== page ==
The addition (e.g. vAC instruction in the first post example) follow a similar path, just that the result of the addition of two nibbles can be on five bits, so activating the "halfcarry" signal (fifth bit of the T register) on overflow, that will be used to select an alternative LUT for the final operation (the LUT that will include +1 to the addition of the two nibbles of the index).

steve
Posts: 40
Joined: 08 Jul 2019, 19:40

Microtron schema update

Post by steve » 11 Sep 2020, 19:36

Hoping that the "pull to register" is a viable solution, I did some more simplification on the overall circuit. This changes together with the other things discussed previously are depicted in the overall schema below:
schema2.jpg
schema2.jpg (64.14 KiB) Viewed 326 times
Now is really Super Micro! :)

Summary of changes:
1. Removal of W register using the pull to register V on data bus (note that U and V were renamed in L and R respectively to avoid confusion with previous schema example code)
2. Removal of X buffer with a pull to register on low ram address bus
3. Utilization of one 74867 (or 54867) instead of the 2x 74161 for X and for PCL (this change can be made optional on the PCB in case, allowing for both options)
4. Removal of the input expansion register, with new I/O expansions done via SPI interface
5. Keyboard rows written via VGA register


Other changes/suggestions not visible related to PCB:
1. Make the keyboard part of it "detachable"
2. Use a 4 layers for better overclocking


And finally areas still to be defined:
1. Circuit for Audio input (for now is 1 bit on Aux in)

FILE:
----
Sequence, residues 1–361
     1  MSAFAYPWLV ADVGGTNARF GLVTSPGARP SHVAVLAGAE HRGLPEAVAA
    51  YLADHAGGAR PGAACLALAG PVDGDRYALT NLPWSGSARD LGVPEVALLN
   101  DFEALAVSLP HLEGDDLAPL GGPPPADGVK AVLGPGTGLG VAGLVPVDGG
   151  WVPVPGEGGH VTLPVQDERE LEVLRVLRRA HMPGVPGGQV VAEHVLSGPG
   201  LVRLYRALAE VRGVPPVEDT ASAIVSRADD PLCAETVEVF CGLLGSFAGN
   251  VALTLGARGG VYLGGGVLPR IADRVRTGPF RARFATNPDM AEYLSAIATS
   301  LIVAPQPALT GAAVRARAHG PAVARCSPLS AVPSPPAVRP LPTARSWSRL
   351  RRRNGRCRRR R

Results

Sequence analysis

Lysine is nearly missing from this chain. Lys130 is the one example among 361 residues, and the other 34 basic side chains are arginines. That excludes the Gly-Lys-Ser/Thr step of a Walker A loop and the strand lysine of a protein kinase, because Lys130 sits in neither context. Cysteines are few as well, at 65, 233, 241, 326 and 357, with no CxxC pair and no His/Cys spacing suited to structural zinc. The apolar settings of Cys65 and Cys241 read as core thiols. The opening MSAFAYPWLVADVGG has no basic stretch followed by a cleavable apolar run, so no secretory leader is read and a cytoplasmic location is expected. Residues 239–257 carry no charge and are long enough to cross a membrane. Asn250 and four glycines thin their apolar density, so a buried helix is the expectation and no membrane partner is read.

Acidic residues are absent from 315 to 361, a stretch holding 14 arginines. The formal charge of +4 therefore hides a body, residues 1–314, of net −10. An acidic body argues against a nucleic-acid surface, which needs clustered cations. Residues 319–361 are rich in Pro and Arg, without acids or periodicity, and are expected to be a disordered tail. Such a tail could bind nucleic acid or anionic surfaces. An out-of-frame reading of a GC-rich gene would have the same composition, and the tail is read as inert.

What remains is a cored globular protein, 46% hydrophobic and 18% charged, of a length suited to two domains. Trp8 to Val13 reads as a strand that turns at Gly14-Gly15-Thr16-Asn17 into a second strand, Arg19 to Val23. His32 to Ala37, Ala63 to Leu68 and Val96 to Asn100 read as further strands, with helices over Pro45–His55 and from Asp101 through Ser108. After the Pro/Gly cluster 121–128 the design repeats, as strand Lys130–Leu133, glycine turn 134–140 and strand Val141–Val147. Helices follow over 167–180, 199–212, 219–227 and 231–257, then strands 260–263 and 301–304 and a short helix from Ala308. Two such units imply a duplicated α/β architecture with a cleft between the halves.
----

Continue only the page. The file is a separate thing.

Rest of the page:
2. "Decoupled" VGA rendering solution
3. Aux Out utilization: Audio (3bit), Led (2bit), SPI i/f (3bit); ||OR|| Audio (2bit), Led (1bit), HSync (1bit), VSync (1bit), SPI i/f (3bit)
(note that HSync and VSync via expansion register would allow 256 colors without composite sync or other mechanisms)
4. Decoded IR (3x74377 and 2x27c1024) or encoded IR (1x74377, 1x27c1024 and 2x 4to16 decoders, see below for details)

Single byte instruction encoding
in case of "encoded IR option" the instruction can be simply composed of two nibbles indicating:
a. What value to put to the bus, one of:
. ram[0,L]
. ram[0,R]
. ram[0,X]
. ram[0,X++]
. ram[Y,L]
. ram[Y,R]
. ram[Y,X]
. ram[Y,X++]
. D
. R
. S
. AuxIn
b. What register to write from the bus, one of:
. L and R (mixing bus and T)
. S
. T
. X
. Y
. AuxOut
. Vga/KeyRow
. Audio/Led
. PCL (jump short)
. PCL if Z
. PCL if HC
. PCL if S
. PCL and PCH (with T)
. ram[0,X]
. ram[0,X++]
. ram[Y,X]

PS: the XOR code example becomes

Code: Select all

1.  R, L = S x T    # pair the nibbles of the two input operands in R and L
2.  Y = XorLutPage  # point to the lookup containing in the low nibbles the XOR of the low and high nibble of the index
3.  T = [Y, R]      # calculate the XOR of the low nibbles
4.  R = T + [Y, L]  # calculate the XOR of the high nibbles and join them with low ones to store the result in R

steve
Posts: 40
Joined: 08 Jul 2019, 19:40

Re: microtron

Post by steve » 03 Oct 2020, 22:28

Regarding Aux Out utilization a solution keeping 3 bits of resolution for the Audio and 256 VGA colors (with the fully separated H and V Syncs) is to reuse the SPI lines also for Leds (keeping SS high as a switch-on led, while the other 2 are fully controllable). The leds will blink in case of SPI data exchange, but also this can be considered a not bad side effect.

So the current solution looks like: 3bits for Audio, 1bit for HSync, 1bit for VSync, 3bits for SPI i/f and Leds.

Post Reply